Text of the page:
Supporting the Design of Sustainable Electronics
Electronic devices have a rapid turnover cycle, such as mobile phones that are being replaced every year, which results in environmental problems (e.g., electronic waste). However, this Disposable Technology Paradigm is a development that was facilitated by the technological advancements of Ubquituous Computing and intensified by the industry through planned obsolescence.
As a first step, we investigated which factors are important to people when buying consumer electronics devices. Our research revealed that due to complexity of and trust issues in environmental information the impact of such knowledge, sustainability is not an important factor when buying consumer electronics [CHI workshop paper]. However, a closer look at the decision-making process in light of existing models from marketing research reveals that there are several other perspectives and stages to address said problem [interactions article].
We therefore believe that Sustainable HCI research can help turn around this development by encouraging longer use and foster attachment between devices and their respective owners. Using the personal inventories method, we investigated the reasons for them to keep these objects. We expanded the existing framework for attachment categories and applied it to the domain of electronics. Furthermore, we provided a professional designer with the framework and asked to sketch ideas for new electronics products that create emotional attachment between the object and its owner [UbiComp note] [DIS paper] [MSc thesis].
One of the inherent problems preventing longer use of electronic devices is obsolescence. Sustainable HCI is aware of this problem and there exist a variety of guidelines and principles to address this issue [book chapter]. However, there remains a theory-practice gap: those guidelines are rarely put to practice. We aim to bridge this gap by bringing this Sustainable HCI design knowledge to real-world designers.[CHI paper], [CHI Doctoral Consortium]
At the same time, the question arises how industry should adapt such theoretical knowledge from Sustainable HCI, as it seems to go against their own interest. In the end, electronic waste is a product of the industry's goals to sell more. While this might certainly be true now (and we don't have a definite answer to the question yet), this might not stay true forever: all this growth is based on resources, and those resources are finite. Therefore, we discussed how SHCI research will change in a future of resource scarcity and limits at the first LIMITS workshop at UCI Irvine in June 2015. [Article in First Monday's Special Issue on Limits 2015]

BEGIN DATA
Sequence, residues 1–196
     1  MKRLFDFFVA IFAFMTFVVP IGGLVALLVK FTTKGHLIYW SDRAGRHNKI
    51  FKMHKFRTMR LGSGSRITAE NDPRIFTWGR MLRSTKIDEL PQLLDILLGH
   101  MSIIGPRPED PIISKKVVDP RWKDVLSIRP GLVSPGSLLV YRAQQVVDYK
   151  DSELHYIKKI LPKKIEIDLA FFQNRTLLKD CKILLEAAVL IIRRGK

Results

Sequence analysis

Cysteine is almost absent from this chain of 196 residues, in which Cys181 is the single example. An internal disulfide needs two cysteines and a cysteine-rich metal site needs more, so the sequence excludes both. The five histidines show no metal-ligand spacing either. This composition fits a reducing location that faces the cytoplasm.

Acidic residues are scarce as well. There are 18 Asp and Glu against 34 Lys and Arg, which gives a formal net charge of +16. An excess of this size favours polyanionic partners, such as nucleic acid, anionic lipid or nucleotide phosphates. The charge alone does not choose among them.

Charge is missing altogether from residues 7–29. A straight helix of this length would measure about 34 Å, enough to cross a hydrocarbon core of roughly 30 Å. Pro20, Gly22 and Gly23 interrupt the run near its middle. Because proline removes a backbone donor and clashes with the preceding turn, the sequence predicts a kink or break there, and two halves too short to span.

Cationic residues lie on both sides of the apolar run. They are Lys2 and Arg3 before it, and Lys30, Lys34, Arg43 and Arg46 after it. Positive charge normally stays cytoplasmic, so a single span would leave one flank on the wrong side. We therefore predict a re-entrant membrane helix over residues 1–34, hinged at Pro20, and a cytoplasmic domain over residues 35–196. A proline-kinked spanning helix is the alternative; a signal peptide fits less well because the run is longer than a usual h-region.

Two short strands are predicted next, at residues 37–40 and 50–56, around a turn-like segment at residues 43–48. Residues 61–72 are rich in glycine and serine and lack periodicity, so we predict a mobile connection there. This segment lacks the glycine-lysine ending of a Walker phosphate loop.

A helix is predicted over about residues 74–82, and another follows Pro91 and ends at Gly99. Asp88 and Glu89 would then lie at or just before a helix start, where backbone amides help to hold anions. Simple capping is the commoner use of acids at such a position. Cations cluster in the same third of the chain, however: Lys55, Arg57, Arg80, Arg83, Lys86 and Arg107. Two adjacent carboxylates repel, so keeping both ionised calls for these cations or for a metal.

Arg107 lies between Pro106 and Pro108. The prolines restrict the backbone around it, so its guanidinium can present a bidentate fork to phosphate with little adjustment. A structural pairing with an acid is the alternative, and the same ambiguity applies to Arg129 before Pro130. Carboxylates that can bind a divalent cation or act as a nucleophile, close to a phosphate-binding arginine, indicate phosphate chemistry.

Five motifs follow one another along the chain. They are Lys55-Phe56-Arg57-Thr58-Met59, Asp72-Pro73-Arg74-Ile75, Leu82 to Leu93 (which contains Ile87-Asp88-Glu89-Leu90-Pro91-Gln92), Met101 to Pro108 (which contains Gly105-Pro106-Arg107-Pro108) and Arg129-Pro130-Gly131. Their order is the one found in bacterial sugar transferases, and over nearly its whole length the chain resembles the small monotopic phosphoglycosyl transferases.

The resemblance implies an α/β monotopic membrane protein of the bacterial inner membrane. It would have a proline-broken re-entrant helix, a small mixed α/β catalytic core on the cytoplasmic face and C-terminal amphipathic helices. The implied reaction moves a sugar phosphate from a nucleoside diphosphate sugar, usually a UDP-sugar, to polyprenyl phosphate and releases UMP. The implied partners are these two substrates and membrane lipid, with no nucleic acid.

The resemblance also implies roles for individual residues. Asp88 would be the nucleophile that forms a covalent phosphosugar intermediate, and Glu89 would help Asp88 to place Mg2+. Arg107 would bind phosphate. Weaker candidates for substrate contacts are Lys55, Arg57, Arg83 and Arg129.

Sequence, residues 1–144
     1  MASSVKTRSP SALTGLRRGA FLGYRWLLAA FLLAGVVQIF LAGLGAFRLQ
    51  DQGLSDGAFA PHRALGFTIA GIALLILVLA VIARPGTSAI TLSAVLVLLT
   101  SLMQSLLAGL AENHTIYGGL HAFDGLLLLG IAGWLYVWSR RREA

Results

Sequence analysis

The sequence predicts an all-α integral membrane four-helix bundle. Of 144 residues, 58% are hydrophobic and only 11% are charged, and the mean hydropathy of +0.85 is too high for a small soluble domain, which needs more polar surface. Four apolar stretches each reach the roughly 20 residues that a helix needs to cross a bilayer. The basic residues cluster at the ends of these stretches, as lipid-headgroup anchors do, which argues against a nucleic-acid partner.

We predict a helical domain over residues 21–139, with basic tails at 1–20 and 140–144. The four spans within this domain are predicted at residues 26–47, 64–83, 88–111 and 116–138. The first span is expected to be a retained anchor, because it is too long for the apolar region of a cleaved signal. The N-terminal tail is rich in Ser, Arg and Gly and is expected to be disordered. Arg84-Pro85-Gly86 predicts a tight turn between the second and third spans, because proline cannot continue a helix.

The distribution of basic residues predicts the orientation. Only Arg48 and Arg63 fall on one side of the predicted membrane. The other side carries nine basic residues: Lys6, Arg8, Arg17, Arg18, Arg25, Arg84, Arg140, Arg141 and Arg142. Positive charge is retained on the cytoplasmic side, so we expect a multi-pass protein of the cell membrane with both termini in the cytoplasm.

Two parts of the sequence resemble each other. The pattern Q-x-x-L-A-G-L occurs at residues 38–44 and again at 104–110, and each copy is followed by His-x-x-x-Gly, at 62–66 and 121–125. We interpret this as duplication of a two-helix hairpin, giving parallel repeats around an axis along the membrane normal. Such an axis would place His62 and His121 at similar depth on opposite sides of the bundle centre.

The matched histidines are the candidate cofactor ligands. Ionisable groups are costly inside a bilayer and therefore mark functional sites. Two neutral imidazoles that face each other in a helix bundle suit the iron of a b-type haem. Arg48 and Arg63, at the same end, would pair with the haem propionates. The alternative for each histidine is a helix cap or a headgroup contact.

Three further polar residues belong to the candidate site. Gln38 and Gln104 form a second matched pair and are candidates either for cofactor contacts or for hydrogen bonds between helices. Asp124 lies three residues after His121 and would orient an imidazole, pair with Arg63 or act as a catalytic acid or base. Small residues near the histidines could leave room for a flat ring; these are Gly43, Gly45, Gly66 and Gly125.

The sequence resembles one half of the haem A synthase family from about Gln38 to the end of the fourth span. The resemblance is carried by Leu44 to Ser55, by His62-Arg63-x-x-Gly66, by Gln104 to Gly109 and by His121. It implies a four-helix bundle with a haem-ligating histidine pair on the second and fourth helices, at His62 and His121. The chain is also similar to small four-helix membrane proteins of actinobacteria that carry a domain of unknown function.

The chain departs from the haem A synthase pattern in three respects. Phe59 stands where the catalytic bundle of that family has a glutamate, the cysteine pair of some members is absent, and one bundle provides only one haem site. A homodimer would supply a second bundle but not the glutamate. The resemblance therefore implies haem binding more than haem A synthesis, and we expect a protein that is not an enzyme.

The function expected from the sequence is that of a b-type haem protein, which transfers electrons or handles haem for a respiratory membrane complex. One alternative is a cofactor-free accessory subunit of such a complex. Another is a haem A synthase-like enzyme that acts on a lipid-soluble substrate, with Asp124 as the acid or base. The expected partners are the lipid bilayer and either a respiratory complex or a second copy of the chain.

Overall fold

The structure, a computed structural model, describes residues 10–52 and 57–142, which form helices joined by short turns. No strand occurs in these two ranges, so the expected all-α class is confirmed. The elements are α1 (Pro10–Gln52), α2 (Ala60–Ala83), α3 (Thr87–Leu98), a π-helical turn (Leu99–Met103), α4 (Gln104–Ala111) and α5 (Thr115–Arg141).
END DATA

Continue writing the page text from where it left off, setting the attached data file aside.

- Silke Gegenbauer, Masters Student
- Jessica Hediger, Masters Student
- Wanjun Chu, external Masters Student from University of Uppsala, Sweden
- Christian Remy and Elaine M. Huang, Limits and Sustainable Interaction Design: Obsolescence in a Future of Collapse and Resource Scarcity. In First Monday, Volume 20, Number 8, Special Issue "Limits '15", August, 2015.
- Christian Remy and Elaine M. Huang, Limits and Sustainable Interaction Design: Obsolescence in a Future of Collapse and Resource Scarcity. In LIMITS '15: First Workshop on Computing within Limits. Irvine, California, USA, 2015.
- Christian Remy, Silke Gegenbauer, Elaine May Huang, Bridging the Theory-Practice Gap: Lessons and Challenges of Applying the Attachment Framework for Sustainable HCI Design, In: CHI’15: Proceedings of the thirty-third annual SIGCHI conference on Human factors in computing systems, ACM, New York, 2015.
- Christian Remy, Addressing Obsolescence of Consumer Electronics through Sustainable Interaction Design, In: CHI’15: Extended Abstracts of the thirty-third annual SIGCHI conference on Human factors in computing systems, ACM, New York, 2015.
- Christian Remy and Elaine May Huang, Addressing the obsolescence of end-user devices: Approaches from the field of sustainable HCI, In: ICT Innovations for Sustainability, Springer, Heidelberg/New York, p. 257 - 267, 2015.
- Christian Remy and Elaine May Huang, Addressing the Obsolescence of End-User Devices: Approaches from the Field of Sustainable HCI, In: Conference on ICT for Sustainability (ICT4S), 2014.
- Christian Remy, Elaine May Huang, Tailoring sustainable HCI design knowledge to design practice, In: What have we learned? A SIGCHI HCI and Sustainability community workshop, at CHI 2014, 2014.
- Christian Remy and Elaine M Huang, The Complexity of Information for Sustainable Choices, position paper at the workshop Simple, Sustainable Living at CHI 2012.
- Christian Remy, Taking a note from marketing research in sustainable HCI, ACM interactions, Vol. 20 (3), 2013.
- Silke Gegenbauer, Elaine May Huang, iPods, Ataris, and Polaroids a personal inventories study of out-of-use electronics in Swiss households, UbiComp 2012.
- Silke Gegenbauer, Elaine May Huang, Inspiring the design of longer-lived electronics through an understanding of personal attachment, DIS 2012.
- Silke Gegenbauer, The nature of people’s attachment to objects - how emotional ties can help inform the design of electronic devices, University of Zurich, Faculty of Economics, 2011.
- Elaine May Huang, Building outwards from sustainable HCI, ACM interactions, Vol. 18 (3), 2011.